Your browser is no longer supported

For the best possible experience using our website we recommend you upgrade to a newer version or another browser.

Your browser appears to have cookies disabled. For the best experience of this website, please enable cookies in your browser

We'll assume we have your consent to use cookies, for example so you won't need to log in each time you visit our site.
Learn more

Freight settles on historic rail line

THE HISTORIC Settle to Carlisle railway line has been transformed from virtual disrepair into a busy freight line, members of the Railway Civil Engineers Association heard last week.

Railtrack senior project manager Alan Fell explained the history behind the line. The route passes through the sparsely populated area of the Northern Pennines and is best known for its beauty and impressive civil engineering structures, including The Ribblehead viaduct, and Blea Moor tunnel.

The 115km line opened in 1876 and is believed to be the last railway to be built by manpower alone. Around a hundred rail workers were killed during its construction.

Fell explained that a gradual starvation of investment led to proposals to close the line in the late 1980s, until pressure groups helped force a reprieve that was granted in 1989.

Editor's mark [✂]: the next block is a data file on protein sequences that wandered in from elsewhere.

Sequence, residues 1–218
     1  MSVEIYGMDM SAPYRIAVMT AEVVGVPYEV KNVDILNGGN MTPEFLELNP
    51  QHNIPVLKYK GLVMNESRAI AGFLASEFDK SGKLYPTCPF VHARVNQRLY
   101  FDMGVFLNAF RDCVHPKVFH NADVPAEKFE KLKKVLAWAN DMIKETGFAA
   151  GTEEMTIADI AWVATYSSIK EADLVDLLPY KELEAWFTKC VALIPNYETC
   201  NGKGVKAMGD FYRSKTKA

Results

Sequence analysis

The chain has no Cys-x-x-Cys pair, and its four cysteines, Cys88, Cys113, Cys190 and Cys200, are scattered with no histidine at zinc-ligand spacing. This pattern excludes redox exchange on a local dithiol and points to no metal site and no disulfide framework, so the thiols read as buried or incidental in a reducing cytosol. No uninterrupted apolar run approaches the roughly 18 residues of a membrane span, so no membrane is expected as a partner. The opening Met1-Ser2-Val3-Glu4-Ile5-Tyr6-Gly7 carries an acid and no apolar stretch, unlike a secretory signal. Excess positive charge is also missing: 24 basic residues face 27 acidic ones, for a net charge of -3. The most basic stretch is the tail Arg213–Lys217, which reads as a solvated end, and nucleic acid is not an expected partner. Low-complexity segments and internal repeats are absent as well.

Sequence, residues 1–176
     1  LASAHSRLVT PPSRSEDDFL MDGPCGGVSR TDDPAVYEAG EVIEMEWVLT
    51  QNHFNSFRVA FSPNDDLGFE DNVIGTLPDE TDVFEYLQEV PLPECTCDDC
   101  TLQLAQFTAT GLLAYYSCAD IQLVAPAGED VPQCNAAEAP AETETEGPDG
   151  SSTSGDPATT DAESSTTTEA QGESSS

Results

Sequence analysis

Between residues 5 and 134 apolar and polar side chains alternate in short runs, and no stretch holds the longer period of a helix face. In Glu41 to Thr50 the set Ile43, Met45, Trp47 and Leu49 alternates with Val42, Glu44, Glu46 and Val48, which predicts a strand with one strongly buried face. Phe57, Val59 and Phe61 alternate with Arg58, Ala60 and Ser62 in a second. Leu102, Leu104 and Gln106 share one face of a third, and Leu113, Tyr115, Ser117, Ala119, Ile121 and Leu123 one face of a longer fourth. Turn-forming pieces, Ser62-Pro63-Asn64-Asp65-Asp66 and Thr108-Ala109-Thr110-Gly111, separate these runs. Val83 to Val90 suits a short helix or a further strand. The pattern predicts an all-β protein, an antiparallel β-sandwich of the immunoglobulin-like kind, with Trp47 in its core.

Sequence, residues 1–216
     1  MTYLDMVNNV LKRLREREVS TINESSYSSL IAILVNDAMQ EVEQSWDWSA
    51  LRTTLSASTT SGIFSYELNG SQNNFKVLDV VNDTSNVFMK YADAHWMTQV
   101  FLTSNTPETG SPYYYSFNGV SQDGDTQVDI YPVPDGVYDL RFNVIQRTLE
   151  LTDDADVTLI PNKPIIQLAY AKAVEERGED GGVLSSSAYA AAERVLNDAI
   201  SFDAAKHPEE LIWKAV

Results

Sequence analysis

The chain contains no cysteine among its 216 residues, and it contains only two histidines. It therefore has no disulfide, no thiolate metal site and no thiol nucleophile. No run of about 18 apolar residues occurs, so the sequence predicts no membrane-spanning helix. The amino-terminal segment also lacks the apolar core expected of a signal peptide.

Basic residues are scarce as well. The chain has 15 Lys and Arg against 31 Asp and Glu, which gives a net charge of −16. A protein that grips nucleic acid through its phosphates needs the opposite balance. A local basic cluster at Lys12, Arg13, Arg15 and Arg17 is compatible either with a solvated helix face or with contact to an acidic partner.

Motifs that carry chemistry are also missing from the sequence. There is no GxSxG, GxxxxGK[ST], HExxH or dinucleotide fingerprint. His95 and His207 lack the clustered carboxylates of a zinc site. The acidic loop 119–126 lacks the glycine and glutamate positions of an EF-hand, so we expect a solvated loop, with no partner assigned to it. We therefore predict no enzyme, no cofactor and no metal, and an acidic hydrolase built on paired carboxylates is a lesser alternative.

An improvement programme was announced last year and work started in September. Construction is due to be completed in March.

First Engineering's strategy manager Craig Goldie explained that the initial renewal work of a three mile section was carried out by Jarvis. Railtrack and First Engineering then entered a design and build partnership to renew a 78km section of the line.

The work involves renewing rails, replacing the existing timber sleepers with steel ones, reballasting, providing a terram drainage system and works.

Goldie said that apart from the unpredictable local weather, the main construction problems have been logistics and communications. Materials are being imported and exported by rail, so supply lines have to be perfectly co-ordinated along the length of the site.

At first, communications were a problem as mobile phones and radios were unable to get a signal.

Fell and Goldie both emphasised that the close working relationship between Railtrack and First Engineering under a shared Institution of Chemical Engineers 'pain gain' contract benefited the project.

Goldie said that freight is returning to the line, mostly coal and gypsum. An estimated 6.5M tonnes will be transported in 2000 which Goldie described as a colossal increase, signifying the rebirth of a mainline.

Have your say

You must sign in to make a comment

Please remember that the submission of any material is governed by our Terms and Conditions and by submitting material you confirm your agreement to these Terms and Conditions. Please note comments made online may also be published in the print edition of New Civil Engineer. Links may be included in your comments but HTML is not permitted.